"When it comes to zoning I am a minimalist.  I think it should be left to the landowners to decide how to use their land.  I think people are better judges of what is best for them and their families.  It is arrogance to think you know what is best for your neighbor -- that you know what is best for your townspeople.  I think it is the government's role to protect our individual liberties, not to take control of them and try to force them on to other people.  Otherwise you end up taking away things that people don't wish to give up in order to please a majority or even a minority of people that we think are in agreement with us.  That's not the way to use the power of government.  That's not the way to use the power of money or control.  The government really has a servant's role and that is for the protection of our property -- not to take our property or our rights away from us."

                As time passed, Koeppel brought up many of these and other concerns over the bill to the Town Chairman.  "They said that if you want us to reconsider this zoning ordinance you'll have to vote us out of office."  Thus started the effort to form a coalition of candidates to gain a majority of seats on the Town Board.

                "We have been working towards finding challengers to the Town Board since September," said Koeppel.  "We managed to get 50 people to come to the nomination caucus this year."  While many times Town Board incumbents face no opposition, three challengers were nominated that night to run against them.  Current Chairman Mike Tully will face Koeppel in the April 2nd race for the Town Chair.  The two Town Supervisor's, Bob Klanderman and Jim Mikla, will face James Stauffer and Jacob Schnur, both of whom are members of the property rights coalition organized last fall.  There is also a challenger for the Town Treasurer office but neither candidate is involved with the group opposed to the ordinance.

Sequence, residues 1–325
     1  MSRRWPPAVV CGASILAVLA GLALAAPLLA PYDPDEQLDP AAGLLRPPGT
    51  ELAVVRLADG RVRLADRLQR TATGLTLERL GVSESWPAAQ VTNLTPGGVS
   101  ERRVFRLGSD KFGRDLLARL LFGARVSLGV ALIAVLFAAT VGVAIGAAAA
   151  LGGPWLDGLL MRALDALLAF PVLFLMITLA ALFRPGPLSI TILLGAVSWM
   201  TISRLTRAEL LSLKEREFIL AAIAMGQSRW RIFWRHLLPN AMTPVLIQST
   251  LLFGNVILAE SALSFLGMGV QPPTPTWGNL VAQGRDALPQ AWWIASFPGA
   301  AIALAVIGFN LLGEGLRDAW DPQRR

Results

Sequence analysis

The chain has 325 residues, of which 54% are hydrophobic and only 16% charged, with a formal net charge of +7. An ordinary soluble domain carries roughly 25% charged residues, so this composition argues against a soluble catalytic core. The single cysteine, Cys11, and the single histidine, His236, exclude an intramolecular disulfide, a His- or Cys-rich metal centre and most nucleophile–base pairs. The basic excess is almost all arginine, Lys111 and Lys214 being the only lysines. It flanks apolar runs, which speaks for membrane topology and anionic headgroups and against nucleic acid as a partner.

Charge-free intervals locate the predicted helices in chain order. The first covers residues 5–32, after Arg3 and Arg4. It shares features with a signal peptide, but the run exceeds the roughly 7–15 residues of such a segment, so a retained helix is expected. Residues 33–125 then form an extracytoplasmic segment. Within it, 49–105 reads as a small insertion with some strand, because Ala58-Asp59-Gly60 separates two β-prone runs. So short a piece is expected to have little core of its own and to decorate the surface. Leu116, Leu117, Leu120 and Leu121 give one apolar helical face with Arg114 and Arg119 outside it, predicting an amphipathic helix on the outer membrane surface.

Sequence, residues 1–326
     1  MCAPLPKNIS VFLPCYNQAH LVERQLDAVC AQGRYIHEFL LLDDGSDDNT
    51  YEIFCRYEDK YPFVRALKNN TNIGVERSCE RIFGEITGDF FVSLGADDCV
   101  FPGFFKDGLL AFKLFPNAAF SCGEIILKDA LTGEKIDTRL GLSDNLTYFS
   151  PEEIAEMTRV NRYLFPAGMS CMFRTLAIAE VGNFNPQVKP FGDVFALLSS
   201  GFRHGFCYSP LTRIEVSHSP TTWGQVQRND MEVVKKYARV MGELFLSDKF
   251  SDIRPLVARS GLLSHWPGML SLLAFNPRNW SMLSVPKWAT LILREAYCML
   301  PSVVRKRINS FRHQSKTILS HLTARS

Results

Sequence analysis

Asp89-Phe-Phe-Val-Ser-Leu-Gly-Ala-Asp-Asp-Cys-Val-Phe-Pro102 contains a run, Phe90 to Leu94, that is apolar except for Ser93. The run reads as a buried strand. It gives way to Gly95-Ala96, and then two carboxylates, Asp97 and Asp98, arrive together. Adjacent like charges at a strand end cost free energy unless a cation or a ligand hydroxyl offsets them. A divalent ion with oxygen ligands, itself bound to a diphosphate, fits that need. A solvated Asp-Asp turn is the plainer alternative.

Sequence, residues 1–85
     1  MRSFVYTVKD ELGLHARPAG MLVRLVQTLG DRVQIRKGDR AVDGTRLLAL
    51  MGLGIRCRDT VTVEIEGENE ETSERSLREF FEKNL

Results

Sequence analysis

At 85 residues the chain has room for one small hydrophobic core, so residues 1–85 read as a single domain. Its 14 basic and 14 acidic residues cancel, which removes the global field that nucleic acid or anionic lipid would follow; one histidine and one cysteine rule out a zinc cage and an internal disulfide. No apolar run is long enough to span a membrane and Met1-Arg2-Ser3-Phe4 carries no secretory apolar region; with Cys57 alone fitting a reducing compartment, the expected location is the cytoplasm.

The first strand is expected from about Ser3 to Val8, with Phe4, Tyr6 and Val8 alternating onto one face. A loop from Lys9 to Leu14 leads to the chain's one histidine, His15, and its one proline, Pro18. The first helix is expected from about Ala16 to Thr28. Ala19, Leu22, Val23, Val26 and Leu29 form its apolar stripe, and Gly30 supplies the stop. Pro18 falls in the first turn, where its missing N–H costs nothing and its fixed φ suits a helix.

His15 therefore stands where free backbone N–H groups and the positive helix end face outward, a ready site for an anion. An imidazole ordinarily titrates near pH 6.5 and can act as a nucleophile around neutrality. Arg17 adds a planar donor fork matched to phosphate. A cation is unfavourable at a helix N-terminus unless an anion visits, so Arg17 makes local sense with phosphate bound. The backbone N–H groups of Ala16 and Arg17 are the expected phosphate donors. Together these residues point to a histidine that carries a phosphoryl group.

Says Koeppel, "We are not necessarily running against the town board members, we are running against this ordinance."  Other issues Koeppel would like to address upon gaining the Town Chair is more communication, especially to renters in the area, and the use of "Dane County" lawyers in the writing of ordinances.

                Koeppel understands that not every resident will want to completely eliminate zoning.  Some may merely want a less intrusive ordinance.  Says Koeppel, "I will work to implement the zoning ordinance that works for Cady by maximizing property rights, minimizing regulations, and discouraging the most undesirable elements from coming to our town."

                While many conservatives throughout the country are looking for the one leader in which all of the pro-liberty voters can rally behind; Koeppel, Stauffer, and Schnur represent the growing amount of grassroots citizens who have lifted the standard of freedom in their own local government.  Perhaps a national leader will not be needed.  Perhaps a freer country will rise from the actions of local governments rather than from someone in Washington or Madison.

                Travis Buhler is the Managing Editor of the US Journal and the Eau Claire Journal.Email: